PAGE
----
Last week saw a rather bizarre spate of news stories about the weather, and particularly about Britain facing a new ice age. Needless to say the claim was gleefully repeated by the climate “skeptic” blogs, and it provides a rather interesting case study in internet noise.
Here’s a sample skeptic headline: British mainstream news media announces global cooling arrival, says the headline, reporting that “Britain’s major independent television broadcaster today joins major national newspapers in finally accepting that man-made global warming is history. ” That sounds unlikely, so let’s look up the source. A click through to the source finds an article on pay-per-click content site Suite101. It reports that a weatherman on ITV’s local Anglia news mentioned that new research shows how UV cycles affect the weather. The author interprets this, somehow, as a major admission of the myth of global warming, despite the weatherman not actually mentioned climate change – it’s a weather forecasting news item, not climate research. There are so many flaws in this article it’s hard to know where to start, but the author is getting paid per click and controversy is getting him more hits. (That’s why I’m not linking to it) But where is he getting his ideas from, if not actual facts?
Following his link takes me to the Sunday Times, which is behind the firewall, so I am unable to verify the story. However, the author also mentions the Express. Known for its climate denial stance, it has the headline Britain Faces a Mini-Ice Age. According to the article, “Britain is set to suffer a mini ice age that could last for decades and bring with it a series of bitterly cold winters. And it could all begin within weeks as experts said last night that the mercury may soon plunge below the record -20C endured last year.”
Three articles in and we’re no closer to the truth, but since the Express is written by actual journalists, they may at least cite the original source even if they misrepresent it. They mention the Met Office, so let’s try there.
Over on the Met Office blog, they’re a little frustrated that their news release is being misunderstood, and calls the headlines ‘alarmist’: “there were some misleading reports that suggested this research meant we may see a ‘mini ice age’. There is nothing in this research that would indicate such as assessment and a full article on the research can be found on the Research pages of the Met Office website.” Great, let’s look at that actual research then.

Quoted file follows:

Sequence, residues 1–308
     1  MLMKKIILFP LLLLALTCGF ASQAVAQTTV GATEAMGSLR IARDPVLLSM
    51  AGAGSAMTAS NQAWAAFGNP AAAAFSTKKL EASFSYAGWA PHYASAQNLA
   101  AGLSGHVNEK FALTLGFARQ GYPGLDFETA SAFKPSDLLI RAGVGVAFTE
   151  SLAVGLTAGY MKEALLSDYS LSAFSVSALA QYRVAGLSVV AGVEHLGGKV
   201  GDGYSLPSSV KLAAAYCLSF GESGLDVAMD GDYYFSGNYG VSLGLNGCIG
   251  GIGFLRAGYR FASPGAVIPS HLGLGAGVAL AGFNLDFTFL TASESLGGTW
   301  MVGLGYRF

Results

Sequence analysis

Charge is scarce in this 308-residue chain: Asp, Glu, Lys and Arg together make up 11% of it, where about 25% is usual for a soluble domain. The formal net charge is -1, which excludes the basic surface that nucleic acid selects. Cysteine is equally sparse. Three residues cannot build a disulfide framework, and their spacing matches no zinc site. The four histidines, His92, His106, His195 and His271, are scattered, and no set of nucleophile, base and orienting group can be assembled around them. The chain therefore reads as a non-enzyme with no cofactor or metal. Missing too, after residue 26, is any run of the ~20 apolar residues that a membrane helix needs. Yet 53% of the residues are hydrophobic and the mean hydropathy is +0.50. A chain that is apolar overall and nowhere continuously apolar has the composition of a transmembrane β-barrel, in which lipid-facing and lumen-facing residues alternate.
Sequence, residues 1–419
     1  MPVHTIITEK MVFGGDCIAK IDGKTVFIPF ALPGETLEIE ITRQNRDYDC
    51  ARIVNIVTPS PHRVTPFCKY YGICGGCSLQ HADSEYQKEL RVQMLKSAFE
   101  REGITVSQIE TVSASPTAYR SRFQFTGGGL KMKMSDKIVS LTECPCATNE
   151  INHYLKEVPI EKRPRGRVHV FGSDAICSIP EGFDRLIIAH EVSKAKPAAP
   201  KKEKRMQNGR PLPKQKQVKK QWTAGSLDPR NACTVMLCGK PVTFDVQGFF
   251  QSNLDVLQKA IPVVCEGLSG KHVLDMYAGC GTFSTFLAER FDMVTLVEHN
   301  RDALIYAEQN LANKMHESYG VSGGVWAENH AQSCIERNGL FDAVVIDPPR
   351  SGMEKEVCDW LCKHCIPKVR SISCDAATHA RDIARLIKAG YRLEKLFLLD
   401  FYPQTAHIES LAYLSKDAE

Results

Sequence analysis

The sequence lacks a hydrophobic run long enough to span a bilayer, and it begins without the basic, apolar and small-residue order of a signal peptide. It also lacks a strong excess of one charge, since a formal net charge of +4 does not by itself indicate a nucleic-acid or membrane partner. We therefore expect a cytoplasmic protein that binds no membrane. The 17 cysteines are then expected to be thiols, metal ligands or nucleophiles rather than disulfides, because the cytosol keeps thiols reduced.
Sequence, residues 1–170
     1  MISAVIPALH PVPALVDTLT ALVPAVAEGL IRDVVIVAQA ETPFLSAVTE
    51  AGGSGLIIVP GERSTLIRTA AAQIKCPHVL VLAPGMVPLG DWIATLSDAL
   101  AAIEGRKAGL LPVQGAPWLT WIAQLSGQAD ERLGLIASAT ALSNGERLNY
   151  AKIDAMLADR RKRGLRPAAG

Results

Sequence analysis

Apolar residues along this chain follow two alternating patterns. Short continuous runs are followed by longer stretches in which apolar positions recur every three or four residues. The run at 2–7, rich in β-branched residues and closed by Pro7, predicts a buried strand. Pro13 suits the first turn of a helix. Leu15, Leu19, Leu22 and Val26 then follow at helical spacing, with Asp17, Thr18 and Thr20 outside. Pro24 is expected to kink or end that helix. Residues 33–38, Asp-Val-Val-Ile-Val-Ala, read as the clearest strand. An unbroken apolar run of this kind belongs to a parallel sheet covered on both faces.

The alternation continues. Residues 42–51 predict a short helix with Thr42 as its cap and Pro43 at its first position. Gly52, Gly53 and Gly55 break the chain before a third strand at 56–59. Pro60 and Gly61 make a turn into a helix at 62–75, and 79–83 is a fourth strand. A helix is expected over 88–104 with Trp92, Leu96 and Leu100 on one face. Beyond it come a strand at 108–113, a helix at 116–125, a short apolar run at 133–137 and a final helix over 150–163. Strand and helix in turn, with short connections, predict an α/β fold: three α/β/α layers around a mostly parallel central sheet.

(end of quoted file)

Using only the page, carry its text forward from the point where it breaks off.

Here’s the nub of the story: The Met Office, along with Imperial College London and the University of Oxford, has released some new findings on how the sun’s UV cycles can impact the climate of the Northern hemisphere. Using new satellite measurements of ultra violet light, a correlation can be identified between high and low levels of UV activity, and mild or cold winters. “In years of low UV activity unusually cold air forms over the tropics in the stratosphere, about 50km up. This is balanced by more easterly flow of air over the mid latitudes – a pattern which then ‘burrows’ its way down to the surface, bringing easterly winds and cold winters to northern Europe. When solar UV output is higher than usual, the opposite occurs and there are strong westerlies which bring warm air and hence milder winters to Europe.” You can read the full study in Nature if you’re a subscriber.
This is a Northern Hemisphere phenomenon, and according to the scientist running the experiment, “there is little direct impact on global temperatures.” Neither does low UV mean a cooling trend – it means that heat is distributed differently around the Atlantic. Does it in any way disprove the theory of man-made climate change? No, says Joanna Haigh from Imperial College. “Compared with the effect of man-made emissions over the last century, solar variations still have a very minor effect on long-term global climate trends, but this study shows they may have a detectable influence on winter climate.”
So no, Britain is not on the verge of an ice age, and anthropomorphic climate change has not been disproven by scientists identifying a UV cycle.
Ironically, the essence of skepticism is not to take things at a face value. So come on “skeptics”, a little more skepticism please.